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Cholesterol: The Whats, Hows, and Whys

What exactly is cholesterol?

Cholesterol is fatty substance made from the fats you eat. Your body needs cholesterol to build cells and do other important functions. But too much cholesterol can cause damage.

There are 2 ways your body gets cholesterol. Your liver makes cholesterol and other cholesterol comes from food such as meat, poultry and dairy products.

How can cholesterol be bad for my health?

When too much cholesterol stays in your blood, it can join together with other substances and stick to the walls of your arteries. This can cause the arteries – which need to carry blood and oxygen all over your body - to be narrower, stiffer, and hard. This condition is called atherosclerosis.

Why is atherosclerosis a problem?

Atherosclerosis, when the cholesterol narrows the arteries, can lead to heart disease and brain. The arteries providing the much-needed oxygen to the heart can become narrowed so much that they may become blocked, as shown in the picture. This will prevent oxygen from reaching the heart and that will lead to heart cells dying. This is known as a heart attack. It can also block the oxygen from reaching the brain, leading to a stroke, where the brain cells die.

How can I prevent a heart or stroke?

A healthy diet and enough exercise can prevent your cholesterol from reaching dangerously high levels. A heart healthy diet with plenty of vegetables, lean meats such as chicken or turkey, fish such as salmon, low-fat dairy products, nuts, beans and legumes, and less salt will go a long way to keeping your cholesterol levels in check. In general, look to buy foods that are low in saturated and trans fat. Aim for 150 minutes – just 2 ½ hours – of moderately vigorous exercise a week. (See our other posts for more details about exercise). Quitting smoking will help immensely as well. In addition, your doctor may prescribe you a medicine – usually called a “statin” - to reduce the cholesterol already in your blood.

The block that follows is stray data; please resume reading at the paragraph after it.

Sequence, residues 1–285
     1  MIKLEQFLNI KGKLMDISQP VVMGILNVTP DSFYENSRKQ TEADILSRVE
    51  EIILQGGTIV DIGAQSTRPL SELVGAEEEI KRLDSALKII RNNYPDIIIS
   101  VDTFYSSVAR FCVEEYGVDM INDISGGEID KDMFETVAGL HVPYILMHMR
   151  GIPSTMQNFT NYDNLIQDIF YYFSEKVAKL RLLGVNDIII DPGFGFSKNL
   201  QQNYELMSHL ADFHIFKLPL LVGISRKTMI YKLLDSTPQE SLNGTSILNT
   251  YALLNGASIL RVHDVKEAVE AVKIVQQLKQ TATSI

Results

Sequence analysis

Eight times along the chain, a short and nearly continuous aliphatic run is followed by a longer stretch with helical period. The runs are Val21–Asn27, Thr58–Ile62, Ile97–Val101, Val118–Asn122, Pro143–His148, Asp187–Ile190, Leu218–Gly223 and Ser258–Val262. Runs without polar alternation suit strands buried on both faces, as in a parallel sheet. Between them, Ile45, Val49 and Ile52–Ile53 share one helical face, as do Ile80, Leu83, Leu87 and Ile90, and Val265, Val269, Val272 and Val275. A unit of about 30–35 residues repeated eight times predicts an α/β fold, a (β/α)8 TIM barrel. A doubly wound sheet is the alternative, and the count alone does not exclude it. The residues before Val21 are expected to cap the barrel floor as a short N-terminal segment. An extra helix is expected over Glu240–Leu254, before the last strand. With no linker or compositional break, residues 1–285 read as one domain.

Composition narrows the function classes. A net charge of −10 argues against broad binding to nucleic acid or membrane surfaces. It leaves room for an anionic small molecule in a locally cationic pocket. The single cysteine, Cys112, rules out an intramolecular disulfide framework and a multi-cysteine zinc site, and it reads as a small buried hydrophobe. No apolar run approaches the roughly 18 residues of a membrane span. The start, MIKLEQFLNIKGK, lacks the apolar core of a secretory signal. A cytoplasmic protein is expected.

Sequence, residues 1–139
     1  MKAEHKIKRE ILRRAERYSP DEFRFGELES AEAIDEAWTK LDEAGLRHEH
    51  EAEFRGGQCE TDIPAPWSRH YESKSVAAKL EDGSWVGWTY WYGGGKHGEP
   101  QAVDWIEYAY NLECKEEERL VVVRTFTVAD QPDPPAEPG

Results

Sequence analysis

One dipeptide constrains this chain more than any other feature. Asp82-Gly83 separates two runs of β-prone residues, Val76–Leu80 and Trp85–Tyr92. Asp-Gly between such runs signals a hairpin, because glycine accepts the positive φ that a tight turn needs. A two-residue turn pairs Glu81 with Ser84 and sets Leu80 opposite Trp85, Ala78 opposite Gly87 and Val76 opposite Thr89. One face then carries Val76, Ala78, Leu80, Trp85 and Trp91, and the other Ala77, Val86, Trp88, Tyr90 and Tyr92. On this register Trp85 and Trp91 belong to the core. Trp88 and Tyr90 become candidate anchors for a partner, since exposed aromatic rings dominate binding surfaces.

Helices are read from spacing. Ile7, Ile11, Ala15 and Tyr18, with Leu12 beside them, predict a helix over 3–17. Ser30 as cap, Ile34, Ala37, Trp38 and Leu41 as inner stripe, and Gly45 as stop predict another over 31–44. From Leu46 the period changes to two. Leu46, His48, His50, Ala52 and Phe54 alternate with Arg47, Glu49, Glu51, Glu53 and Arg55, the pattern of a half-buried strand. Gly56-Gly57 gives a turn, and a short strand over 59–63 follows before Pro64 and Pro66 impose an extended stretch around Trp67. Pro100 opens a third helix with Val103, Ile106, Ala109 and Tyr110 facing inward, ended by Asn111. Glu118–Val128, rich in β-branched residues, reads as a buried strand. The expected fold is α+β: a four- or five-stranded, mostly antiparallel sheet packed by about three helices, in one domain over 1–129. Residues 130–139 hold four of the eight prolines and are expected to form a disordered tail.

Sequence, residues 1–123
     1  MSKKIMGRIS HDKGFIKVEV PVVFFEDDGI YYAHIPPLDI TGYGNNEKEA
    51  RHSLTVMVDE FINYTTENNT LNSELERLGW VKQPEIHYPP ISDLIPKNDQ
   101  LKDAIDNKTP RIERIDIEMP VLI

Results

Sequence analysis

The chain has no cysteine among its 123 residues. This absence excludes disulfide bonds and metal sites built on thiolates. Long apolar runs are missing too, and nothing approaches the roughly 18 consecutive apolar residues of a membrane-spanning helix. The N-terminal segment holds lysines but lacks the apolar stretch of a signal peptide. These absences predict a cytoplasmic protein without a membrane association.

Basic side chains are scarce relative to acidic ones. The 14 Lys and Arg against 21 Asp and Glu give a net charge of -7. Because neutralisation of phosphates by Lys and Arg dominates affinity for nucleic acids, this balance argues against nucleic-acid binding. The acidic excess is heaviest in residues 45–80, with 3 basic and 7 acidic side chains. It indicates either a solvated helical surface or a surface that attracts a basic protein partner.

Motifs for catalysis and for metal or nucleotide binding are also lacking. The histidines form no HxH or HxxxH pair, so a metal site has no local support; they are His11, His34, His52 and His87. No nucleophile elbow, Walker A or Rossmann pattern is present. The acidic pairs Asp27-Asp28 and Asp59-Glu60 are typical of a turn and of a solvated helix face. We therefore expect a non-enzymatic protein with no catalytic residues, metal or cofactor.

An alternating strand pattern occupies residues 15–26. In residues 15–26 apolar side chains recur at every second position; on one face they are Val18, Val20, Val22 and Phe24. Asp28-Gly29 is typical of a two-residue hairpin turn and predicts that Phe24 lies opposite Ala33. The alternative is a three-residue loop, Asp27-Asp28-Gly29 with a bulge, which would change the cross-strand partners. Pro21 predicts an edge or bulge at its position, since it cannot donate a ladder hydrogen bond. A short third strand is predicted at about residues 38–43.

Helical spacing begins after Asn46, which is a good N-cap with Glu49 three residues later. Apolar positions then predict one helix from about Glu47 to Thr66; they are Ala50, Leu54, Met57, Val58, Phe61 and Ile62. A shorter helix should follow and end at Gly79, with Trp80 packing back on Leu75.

Can you explain my cholesterol bloodwork?

Your doctor will generally check for 4 different type of cholesterol. They are: LDL, HDL, Triglycerides, and Total Cholesterol. LDL is generally known as the “bad” cholesterol, which sticks to the walls of the arteries. You want this number to be under 100. HDL is the “good” cholesterol which helps get rid of the LDL. You want this number to be above 40. Triglycerides is another kind of fat which helps your body store energy. If this is too high, together with a high LDL, it will increase the amount of cholesterol sticking to the artery walls. This number should be below 150. Finally, total cholesterol is a calculation of all the cholesterol levels and this number should stay below 200.

Sticking to a healthy diet and exercise, quitting smoking and staying on top of your check ups with your provider, you can go a long way to keeping your cholesterol levels at a healthy level!

More information about cholesterol can be found at:

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